For months, sectarian acrimony in the Iraqi parliament has stalled passage of an oil law -- a crucial "benchmark" for national unity. That's been especially distressing to U.S. officials, who frequently invoke the oil law's potential for fostering national unity. One of its chief proponents, former U.S. ambassador Zalmay Khalilzad, wrote in a valedictory March op-ed
that the measure represents "the first time since 2003 that all major Iraqi communities have come together on a defining piece of legislation."
But UPI energy correspondent Ben Lando, perhaps the most diligent and thorough reporter focusing on the oil law, points out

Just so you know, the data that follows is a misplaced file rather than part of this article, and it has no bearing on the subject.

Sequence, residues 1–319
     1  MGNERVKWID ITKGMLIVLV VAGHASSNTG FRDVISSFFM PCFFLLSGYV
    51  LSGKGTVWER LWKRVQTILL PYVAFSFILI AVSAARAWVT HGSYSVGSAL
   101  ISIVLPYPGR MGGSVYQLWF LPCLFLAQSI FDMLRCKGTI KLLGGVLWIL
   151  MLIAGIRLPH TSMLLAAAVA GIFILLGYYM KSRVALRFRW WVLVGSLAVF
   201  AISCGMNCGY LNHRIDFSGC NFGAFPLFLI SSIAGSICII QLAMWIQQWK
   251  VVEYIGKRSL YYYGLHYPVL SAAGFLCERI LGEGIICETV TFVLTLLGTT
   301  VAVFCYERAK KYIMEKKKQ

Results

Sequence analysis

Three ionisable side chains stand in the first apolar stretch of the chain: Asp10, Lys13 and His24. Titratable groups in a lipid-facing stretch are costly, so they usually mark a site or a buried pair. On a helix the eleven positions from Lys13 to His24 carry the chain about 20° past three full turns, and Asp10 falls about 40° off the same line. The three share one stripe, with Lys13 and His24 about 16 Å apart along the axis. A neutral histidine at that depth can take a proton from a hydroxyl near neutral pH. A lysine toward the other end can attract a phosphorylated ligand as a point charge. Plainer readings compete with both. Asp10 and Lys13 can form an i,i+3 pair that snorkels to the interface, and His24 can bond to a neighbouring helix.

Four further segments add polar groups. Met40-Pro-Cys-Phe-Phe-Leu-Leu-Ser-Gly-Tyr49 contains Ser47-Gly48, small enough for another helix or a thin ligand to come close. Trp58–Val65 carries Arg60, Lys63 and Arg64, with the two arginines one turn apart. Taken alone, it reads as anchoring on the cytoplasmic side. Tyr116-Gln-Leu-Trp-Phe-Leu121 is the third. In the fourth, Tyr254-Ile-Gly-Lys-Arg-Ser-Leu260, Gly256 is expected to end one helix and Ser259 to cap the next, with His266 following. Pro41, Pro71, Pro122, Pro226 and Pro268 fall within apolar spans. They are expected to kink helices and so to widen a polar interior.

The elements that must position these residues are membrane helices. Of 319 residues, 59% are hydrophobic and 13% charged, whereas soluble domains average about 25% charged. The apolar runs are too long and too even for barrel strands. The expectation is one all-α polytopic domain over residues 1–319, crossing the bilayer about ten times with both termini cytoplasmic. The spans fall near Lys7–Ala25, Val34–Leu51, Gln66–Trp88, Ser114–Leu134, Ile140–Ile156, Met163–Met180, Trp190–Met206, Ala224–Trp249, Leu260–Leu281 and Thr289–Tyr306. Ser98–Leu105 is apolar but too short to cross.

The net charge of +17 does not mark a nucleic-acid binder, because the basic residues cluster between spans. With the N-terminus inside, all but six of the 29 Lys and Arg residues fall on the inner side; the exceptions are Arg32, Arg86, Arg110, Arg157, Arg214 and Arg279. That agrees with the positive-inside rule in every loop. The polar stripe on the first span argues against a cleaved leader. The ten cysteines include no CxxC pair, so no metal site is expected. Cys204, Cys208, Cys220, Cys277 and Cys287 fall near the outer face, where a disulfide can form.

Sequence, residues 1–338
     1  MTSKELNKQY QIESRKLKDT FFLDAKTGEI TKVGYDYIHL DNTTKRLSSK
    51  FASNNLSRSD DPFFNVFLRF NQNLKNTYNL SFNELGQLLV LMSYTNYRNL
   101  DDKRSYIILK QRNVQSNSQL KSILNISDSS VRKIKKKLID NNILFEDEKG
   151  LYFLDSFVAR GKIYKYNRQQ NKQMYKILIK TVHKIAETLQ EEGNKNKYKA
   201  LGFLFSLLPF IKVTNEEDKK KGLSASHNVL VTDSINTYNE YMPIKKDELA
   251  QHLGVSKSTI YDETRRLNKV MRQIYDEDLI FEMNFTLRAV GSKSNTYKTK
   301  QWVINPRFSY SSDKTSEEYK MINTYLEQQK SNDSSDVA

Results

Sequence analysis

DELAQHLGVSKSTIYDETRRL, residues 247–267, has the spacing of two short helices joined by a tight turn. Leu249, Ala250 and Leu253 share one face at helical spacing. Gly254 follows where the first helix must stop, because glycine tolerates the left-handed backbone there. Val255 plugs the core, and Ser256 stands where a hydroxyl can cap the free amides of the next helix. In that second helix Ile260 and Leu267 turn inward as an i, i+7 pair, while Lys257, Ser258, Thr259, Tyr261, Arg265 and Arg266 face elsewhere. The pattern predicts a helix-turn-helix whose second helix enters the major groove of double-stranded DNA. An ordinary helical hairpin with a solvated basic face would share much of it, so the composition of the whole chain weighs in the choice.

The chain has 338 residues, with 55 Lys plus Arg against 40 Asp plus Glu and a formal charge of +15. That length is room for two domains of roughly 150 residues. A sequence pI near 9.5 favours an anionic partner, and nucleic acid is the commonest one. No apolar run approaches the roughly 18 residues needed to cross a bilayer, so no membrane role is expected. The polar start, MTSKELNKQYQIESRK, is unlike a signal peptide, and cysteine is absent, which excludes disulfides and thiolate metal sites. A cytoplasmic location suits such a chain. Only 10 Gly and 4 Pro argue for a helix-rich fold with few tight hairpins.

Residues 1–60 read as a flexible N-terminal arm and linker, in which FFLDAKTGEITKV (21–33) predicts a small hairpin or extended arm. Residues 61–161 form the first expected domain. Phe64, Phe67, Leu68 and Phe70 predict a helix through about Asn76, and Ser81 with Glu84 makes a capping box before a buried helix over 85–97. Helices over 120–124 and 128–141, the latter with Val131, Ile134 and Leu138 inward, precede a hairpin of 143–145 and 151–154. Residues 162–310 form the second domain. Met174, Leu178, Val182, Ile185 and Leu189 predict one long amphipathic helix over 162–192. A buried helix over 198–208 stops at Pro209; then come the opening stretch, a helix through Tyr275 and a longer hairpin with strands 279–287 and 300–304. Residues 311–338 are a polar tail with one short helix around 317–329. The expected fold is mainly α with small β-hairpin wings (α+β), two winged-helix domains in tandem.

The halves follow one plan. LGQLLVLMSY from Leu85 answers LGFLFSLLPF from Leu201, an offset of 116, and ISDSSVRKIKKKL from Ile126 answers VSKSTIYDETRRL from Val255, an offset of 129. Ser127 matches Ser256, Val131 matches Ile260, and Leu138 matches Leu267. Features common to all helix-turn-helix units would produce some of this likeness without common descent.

that the actual text of the legislation doesn't represent anything of the sort. For starters, the law punts on the hard questions:
A separate revenue-sharing law would decide how the oil revenue is spread around the country. It is currently being negotiated, though far behind the hydrocarbons law in the Iraqi legislative process. ...
Only a small portion of the law mentions revenue, and explicitly states that, according to the Iraqi Constitution, a separate "federal revenue law" is required to dictate how the revenue is spent.
Got that? The law doesn't even establish who owns the revenue generated by oil sales -- the mechanism that's supposed to mollify Sunnis in the oil-starved center-west of the country -- and it's still
bottled up in the Iraqi parliament. Talk about a benchmark that marks few benches.